Processing Chickens

If you have chickens sooner or later you have to make a decision, keep them as pets or eat them. I choose the later even though I have one that is about 5 years old, somehow she just always missed her graduation day and at this point she would probably be way to tough to eat in any situation other than starvation.

Processing chickens isn’t hard but it takes time and I don’t do it enough to be fast at it, young birds (normally excessive roosters) are pretty fast if you skin them, you really don’t even need a knife the skin can be just pulled off. Most of the time pulling the skin off isn’t an option. We don’t always skin them, it is probably better to leave the skin on but sometimes I don’t feel like messing with the feathers.

Normally to get the feathers off we put the bird in water that is about 170 degrees Fahrenheit for a few minutes and then pull the feathers off, after the feathers are pulled off there will be a few left, taking a torch to them singes off any remaining feathers.

Going back to the beginning though, the undesirable deed of doing them in. It helps to have a cone for bleeding.

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A cone can either be bought or made at home.

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The chickens neck is pulled  through the bottom, of course the bird will fight it, be as nice as you can though, it doesn’t take anything rough to get it through, be respectful for what it has done and for what it is about to do. Also make sure you have a very sharp knife, try not to cut feathers because they dull the knife more than anything else during this process, a slit on each side of the neck will very quickly bleed the chicken out in just a few seconds it will be over.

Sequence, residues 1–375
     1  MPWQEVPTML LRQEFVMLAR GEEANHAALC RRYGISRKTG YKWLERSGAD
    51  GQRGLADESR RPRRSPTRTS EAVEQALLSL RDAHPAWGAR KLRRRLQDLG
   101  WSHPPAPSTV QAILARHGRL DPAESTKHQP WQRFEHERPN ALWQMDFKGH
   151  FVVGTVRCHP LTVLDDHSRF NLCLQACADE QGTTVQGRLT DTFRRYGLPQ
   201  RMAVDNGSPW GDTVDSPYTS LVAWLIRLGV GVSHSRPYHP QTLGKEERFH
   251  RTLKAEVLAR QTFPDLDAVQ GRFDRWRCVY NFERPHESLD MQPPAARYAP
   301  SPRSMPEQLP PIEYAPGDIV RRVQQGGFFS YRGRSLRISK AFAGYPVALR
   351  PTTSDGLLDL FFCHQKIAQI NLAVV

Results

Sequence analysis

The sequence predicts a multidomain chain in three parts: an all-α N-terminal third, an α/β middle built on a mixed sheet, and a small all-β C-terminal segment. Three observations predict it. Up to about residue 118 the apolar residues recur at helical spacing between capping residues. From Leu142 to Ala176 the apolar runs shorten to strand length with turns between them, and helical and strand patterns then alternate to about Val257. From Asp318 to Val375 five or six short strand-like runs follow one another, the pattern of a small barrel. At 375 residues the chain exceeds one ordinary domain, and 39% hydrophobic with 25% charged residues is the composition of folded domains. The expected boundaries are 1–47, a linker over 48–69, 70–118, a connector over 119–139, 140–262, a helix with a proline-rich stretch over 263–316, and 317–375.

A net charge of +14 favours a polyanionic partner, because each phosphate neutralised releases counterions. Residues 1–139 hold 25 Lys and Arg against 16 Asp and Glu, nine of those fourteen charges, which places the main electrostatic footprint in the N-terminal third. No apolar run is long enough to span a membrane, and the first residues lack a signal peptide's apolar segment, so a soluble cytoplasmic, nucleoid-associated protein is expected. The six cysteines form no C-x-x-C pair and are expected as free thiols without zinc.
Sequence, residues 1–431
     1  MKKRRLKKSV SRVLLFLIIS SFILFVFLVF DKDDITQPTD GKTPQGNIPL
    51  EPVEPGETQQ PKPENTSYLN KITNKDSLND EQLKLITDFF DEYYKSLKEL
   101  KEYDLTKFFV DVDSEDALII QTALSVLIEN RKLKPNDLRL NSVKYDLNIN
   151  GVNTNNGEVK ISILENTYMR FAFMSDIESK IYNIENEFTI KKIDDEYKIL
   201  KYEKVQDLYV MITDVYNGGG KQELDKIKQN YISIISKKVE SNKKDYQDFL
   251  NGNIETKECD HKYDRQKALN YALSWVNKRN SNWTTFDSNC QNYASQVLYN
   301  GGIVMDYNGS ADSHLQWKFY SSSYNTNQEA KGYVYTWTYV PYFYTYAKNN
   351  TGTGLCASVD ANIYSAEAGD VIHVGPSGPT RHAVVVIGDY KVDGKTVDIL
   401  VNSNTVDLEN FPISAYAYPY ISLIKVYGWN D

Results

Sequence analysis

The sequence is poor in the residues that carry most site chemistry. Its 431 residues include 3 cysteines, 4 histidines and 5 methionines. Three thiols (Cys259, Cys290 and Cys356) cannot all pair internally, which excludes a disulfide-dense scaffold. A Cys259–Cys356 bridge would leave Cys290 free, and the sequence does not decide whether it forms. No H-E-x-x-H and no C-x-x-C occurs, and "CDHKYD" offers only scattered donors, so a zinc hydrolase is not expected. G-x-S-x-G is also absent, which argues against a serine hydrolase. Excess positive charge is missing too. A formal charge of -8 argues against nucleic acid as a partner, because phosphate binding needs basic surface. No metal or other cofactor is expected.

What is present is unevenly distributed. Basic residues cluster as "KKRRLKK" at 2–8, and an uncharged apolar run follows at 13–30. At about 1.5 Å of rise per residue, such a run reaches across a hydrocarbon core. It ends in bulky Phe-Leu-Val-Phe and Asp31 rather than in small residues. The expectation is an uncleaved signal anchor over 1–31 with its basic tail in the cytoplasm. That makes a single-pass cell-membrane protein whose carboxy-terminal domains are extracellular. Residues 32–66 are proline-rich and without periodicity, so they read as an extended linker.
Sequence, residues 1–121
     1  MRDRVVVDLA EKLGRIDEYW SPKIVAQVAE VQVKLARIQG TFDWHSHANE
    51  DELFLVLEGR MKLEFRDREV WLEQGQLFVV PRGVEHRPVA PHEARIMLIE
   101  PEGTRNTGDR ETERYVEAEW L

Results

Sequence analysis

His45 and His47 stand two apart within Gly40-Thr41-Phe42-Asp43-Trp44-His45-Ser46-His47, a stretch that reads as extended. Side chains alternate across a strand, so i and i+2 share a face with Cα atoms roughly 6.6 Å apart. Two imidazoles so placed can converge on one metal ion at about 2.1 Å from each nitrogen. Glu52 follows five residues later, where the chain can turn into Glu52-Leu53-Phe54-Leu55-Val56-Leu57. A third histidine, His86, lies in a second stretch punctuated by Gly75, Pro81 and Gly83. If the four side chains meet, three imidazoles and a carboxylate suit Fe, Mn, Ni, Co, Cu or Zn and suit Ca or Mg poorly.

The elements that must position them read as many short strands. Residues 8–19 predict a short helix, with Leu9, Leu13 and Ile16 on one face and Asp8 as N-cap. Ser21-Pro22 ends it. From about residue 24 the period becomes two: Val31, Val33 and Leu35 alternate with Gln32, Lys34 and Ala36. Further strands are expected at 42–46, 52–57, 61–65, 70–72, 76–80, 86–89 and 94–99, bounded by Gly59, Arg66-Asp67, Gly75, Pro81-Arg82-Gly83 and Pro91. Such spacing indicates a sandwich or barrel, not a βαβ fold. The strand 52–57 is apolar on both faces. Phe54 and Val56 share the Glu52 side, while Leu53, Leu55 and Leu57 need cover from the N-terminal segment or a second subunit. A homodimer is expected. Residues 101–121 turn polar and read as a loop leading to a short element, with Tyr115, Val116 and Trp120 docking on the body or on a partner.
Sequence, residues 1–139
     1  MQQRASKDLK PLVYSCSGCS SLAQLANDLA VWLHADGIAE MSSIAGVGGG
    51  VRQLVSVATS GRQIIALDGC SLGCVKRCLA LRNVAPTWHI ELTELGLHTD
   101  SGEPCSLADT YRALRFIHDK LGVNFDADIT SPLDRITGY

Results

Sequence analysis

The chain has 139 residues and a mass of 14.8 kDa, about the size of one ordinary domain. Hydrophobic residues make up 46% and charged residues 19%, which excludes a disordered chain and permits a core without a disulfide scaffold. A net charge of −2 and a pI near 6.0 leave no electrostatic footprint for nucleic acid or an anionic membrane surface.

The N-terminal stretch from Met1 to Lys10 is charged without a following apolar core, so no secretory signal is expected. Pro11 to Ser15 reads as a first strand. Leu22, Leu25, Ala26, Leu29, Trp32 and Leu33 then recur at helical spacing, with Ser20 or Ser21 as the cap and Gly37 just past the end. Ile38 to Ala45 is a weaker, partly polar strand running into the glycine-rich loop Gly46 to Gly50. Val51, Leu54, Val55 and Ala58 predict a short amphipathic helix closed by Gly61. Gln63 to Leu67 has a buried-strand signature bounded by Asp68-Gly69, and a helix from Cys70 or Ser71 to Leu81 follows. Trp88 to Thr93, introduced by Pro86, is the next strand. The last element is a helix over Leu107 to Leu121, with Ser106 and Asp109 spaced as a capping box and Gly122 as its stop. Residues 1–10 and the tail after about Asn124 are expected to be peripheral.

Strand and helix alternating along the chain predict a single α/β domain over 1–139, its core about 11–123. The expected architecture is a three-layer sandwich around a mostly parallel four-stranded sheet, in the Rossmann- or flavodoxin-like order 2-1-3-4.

It is best to let them bleed for a little while, catch the first one and let it bleed while I get the next, because the one you are getting isn’t happy you don’t want to mess around with moving the dead bird out of the cone so set up something else, I have bailing string hanging on my deck with a slip knot on it, after the bird in the cone is dead I move it to the string to let it drain, I have my place set up for two birds to hang and one in the cone, that’s about all I want to do at a time. When my wife has helped we have done 10 or so but if it’s your first time don’t bite off too much. Since I did these in the summer I didn’t want to have too many out in the case it got hot, it was an exceptionally cool day which is one reason I chose to do it that day. I have about 20 more to do. November is thought of as the slaughter month, that’s for two reasons, one your not feeding something through the winter and the other is that it should be cool enough to not have flies and not have the meat spoil.

I normally do the initial processing out side, the machete is for the feet, neck and wing tips but I don’t always use it.

After removing the innards they go in a bag and then the refrigerator for about 3 days.

After 3 days I cut them into little cubes if I am canning, fill the jars and pressure can for about 95 minutes. I used the recipe at modernsurvivalblog.com but there are many options out there, most come back to basically the same thing. If I remember right, 3 roosters became 7 pint jars of canned chicken.

Author: millcreekhomestead

Just a stay at home Dad trying to become more self sufficient in a world getting more dependent. It’s easy to get lost in all the things of the world, sometimes the best therapy is getting your hands dirty and growing something good!

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